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The Nut in the Cellar
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Discussion Starter · #15 ·
Maple is a good choice, end grain would be optimal. I am sure you are already aware that wood does hold bacteria, but so does granite. If no cutting is going to be done I would consider finishing it with conversion varnish. If you are going to be using it as food prep the standard has always been mineral oil, which needs to be applied periodically.
I once read in a woodfinishing book the process for sealing a wood countertop:
1. oil the surface once a day for a week.
2. then oil it once a week for a month.
3. then oil it once a month for a year.
4. then once a year forever.
May be overkill. Planning to use Howard's Butcher Block Conditioner.
 
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The Nut in the Cellar
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Discussion Starter · #16 ·
Well, I ordered the top today at the millworks, but the fellow that does the quotations was not in. Have to wait till Monday for the $$$$ quote so I can pay for it. Should be interesting. I ordered hard maple. The shop suggested Rubio Monocoat for the surface protection and I also discovered Minwax Butcher Block Oil. Still researching coatings, along with the Howard's oil.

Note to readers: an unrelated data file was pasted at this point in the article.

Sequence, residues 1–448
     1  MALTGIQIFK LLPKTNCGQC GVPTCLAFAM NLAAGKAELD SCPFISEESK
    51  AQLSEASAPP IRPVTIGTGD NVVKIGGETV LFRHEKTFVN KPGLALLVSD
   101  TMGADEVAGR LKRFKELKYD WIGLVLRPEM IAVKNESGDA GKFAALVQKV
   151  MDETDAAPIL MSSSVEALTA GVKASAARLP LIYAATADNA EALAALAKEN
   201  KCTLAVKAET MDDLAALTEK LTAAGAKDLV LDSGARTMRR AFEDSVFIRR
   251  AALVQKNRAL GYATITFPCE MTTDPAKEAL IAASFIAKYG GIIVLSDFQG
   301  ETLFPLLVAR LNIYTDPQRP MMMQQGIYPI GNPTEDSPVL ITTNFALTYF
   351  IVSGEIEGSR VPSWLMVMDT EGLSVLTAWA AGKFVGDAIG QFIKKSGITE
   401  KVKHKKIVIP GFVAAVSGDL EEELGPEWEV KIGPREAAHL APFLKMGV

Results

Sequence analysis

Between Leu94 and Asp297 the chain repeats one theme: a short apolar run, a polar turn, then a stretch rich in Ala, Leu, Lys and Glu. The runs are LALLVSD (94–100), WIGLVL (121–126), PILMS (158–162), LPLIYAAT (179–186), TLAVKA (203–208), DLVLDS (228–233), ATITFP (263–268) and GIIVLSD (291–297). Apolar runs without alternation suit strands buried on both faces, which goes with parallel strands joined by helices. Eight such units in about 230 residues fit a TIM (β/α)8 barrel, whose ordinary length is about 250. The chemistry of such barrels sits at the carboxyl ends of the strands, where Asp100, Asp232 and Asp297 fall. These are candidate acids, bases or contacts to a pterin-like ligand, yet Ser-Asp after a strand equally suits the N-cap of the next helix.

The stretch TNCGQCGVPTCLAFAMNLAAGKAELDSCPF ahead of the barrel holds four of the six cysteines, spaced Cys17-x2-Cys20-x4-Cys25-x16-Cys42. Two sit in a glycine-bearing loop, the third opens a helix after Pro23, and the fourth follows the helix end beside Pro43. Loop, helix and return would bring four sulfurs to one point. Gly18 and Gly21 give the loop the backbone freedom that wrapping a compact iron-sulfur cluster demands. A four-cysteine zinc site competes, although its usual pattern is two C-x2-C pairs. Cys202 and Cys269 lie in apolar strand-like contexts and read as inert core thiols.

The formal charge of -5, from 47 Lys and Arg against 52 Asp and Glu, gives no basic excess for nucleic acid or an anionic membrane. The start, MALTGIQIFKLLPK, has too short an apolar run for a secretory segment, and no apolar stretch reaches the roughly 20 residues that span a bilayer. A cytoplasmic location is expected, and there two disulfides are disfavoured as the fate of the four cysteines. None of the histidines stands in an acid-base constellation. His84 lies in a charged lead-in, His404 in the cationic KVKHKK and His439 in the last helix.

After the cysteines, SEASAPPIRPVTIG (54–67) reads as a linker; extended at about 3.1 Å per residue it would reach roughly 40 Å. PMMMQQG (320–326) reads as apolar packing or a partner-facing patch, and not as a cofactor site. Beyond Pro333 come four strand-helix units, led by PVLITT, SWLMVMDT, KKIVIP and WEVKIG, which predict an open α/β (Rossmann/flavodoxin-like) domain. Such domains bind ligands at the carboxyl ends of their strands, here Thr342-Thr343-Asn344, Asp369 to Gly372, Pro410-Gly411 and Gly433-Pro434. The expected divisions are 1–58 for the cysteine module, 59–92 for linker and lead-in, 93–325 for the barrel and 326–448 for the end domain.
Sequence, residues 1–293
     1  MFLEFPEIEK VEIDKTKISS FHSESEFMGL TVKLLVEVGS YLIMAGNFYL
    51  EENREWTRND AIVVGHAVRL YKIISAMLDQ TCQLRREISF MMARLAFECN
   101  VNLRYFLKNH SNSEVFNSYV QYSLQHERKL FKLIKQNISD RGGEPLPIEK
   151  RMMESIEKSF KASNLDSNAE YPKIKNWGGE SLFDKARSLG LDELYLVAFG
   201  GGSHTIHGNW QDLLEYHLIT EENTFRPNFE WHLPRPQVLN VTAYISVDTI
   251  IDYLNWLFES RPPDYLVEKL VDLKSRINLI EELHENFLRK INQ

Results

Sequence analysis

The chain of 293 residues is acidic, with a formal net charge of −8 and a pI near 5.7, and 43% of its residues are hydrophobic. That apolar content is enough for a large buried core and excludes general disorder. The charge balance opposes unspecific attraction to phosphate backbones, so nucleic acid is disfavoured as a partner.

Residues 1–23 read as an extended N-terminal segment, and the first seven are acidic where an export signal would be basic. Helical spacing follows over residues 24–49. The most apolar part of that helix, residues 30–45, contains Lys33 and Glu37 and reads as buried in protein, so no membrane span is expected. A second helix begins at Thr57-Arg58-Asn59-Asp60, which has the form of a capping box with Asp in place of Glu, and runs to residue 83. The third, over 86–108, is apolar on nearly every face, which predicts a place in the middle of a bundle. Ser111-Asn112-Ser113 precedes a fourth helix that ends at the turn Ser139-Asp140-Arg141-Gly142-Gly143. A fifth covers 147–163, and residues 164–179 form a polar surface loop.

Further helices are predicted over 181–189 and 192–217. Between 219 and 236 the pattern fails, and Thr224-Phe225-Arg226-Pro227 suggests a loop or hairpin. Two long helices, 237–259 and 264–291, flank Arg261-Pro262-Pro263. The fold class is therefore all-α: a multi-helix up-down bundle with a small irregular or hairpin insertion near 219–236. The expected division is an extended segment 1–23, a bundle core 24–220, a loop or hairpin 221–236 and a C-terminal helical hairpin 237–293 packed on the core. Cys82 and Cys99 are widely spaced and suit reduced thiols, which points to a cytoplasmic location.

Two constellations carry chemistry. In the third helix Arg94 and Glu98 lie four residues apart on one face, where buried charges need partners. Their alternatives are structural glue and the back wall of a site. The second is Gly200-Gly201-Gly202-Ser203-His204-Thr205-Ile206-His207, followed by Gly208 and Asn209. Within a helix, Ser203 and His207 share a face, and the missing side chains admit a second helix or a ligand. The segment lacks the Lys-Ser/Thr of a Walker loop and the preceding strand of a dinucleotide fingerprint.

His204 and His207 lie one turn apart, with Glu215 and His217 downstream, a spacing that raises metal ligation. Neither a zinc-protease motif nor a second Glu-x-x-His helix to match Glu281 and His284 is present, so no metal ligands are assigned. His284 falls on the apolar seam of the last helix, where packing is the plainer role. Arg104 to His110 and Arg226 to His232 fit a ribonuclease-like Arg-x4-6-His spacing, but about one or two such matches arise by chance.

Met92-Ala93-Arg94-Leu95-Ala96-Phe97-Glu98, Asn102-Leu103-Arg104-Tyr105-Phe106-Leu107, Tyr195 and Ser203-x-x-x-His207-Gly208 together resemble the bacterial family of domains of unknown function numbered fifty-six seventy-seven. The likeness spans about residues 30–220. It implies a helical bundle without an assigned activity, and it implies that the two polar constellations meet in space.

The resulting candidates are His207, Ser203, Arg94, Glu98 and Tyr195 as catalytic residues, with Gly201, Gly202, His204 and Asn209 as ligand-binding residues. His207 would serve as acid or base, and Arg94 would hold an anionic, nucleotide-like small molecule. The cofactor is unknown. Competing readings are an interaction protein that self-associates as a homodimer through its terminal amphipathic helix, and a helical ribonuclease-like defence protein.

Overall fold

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Looking to replace the granite countertop on our kitchen island with a wood one. I searched this site and did see a question specifically for this application. The island is used for baking and serving, so no issues with knife use or the like. My first thought is hard maple, but am open to suggestions from others' experiences.
That would be mostly a personal choice thing. If the cabinets are stained wood I would be inclined to use that wood and stain color.
 

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Well, I ordered the top today at the millworks, but the fellow that does the quotations was not in. Have to wait till Monday for the $$$$ quote so I can pay for it. Should be interesting. I ordered hard maple. The shop suggested Rubio Monocoat for the surface protection and I also discovered Minwax Butcher Block Oil. Still researching coatings, along with the Howard's oil.
I would also recommend Rubio monocoat. I have used it on several furniture pieces and lathe turned bowls and have had very good results. It’s easy to apply, just read the directions. It’s a catalyzed wax that penetrates the wood down to the micro fiber level, according to their literature. It then hardens to provide a very durable surface. It has a very smooth and slick feel to it and repels water. It can be easily reapplied down the road if necessary.
Mike Hawkins
 

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The Nut in the Cellar
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Discussion Starter · #19 ·
Well the quote is in for the countertop for the kitchen island. $732 with tax and 4 to 6 weeks for delivery. Over $200 less than the quote for a quartz countertop of the same size. Guess I should be glad SWMBO wanted the wood one. Now my uneducated question is how fine to sand it for oiling? It is supposedly going to drum sanded to 180 grit, but I'm thinking 220 would be better.